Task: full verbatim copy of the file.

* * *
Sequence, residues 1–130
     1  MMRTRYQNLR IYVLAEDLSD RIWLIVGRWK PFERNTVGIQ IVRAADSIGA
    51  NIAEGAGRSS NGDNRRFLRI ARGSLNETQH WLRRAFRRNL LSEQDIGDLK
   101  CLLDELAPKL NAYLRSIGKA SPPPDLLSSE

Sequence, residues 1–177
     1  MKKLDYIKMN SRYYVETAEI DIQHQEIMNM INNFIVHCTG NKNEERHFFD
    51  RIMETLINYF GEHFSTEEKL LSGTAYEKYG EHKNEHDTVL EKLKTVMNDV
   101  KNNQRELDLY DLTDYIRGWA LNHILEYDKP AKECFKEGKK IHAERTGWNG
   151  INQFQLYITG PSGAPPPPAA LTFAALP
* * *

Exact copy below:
Sequence, residues 1–130
     1  MMRTRYQNLR IYVLAEDLSD RIWLIVGRWK PFERNTVGIQ IVRAADSIGA
    51  NIAEGAGRSS NGDNRRFLRI ARGSLNETQH WLRRAFRRNL LSEQDIGDLK
   101  CLLDELAPKL NAYLRSIGKA SPPPDLLSSE

Sequence, residues 1–177
     1  MKKLDYIKMN SRYYVETAEI DIQHQEIMNM INNFIVHCTG NKNEERHFFD
    51  RIMETLINYF GEHFSTEEKL LSGTAYEKYG EHKNEHDTVL EKLKTVMNDV
   101  KNNQRELDLY DLTDYIRGWA LNHILEYDKP AKECFKEGKK IHAERTGWNG
   151  INQFQLYITG PSGAPPPPAA LTFAALP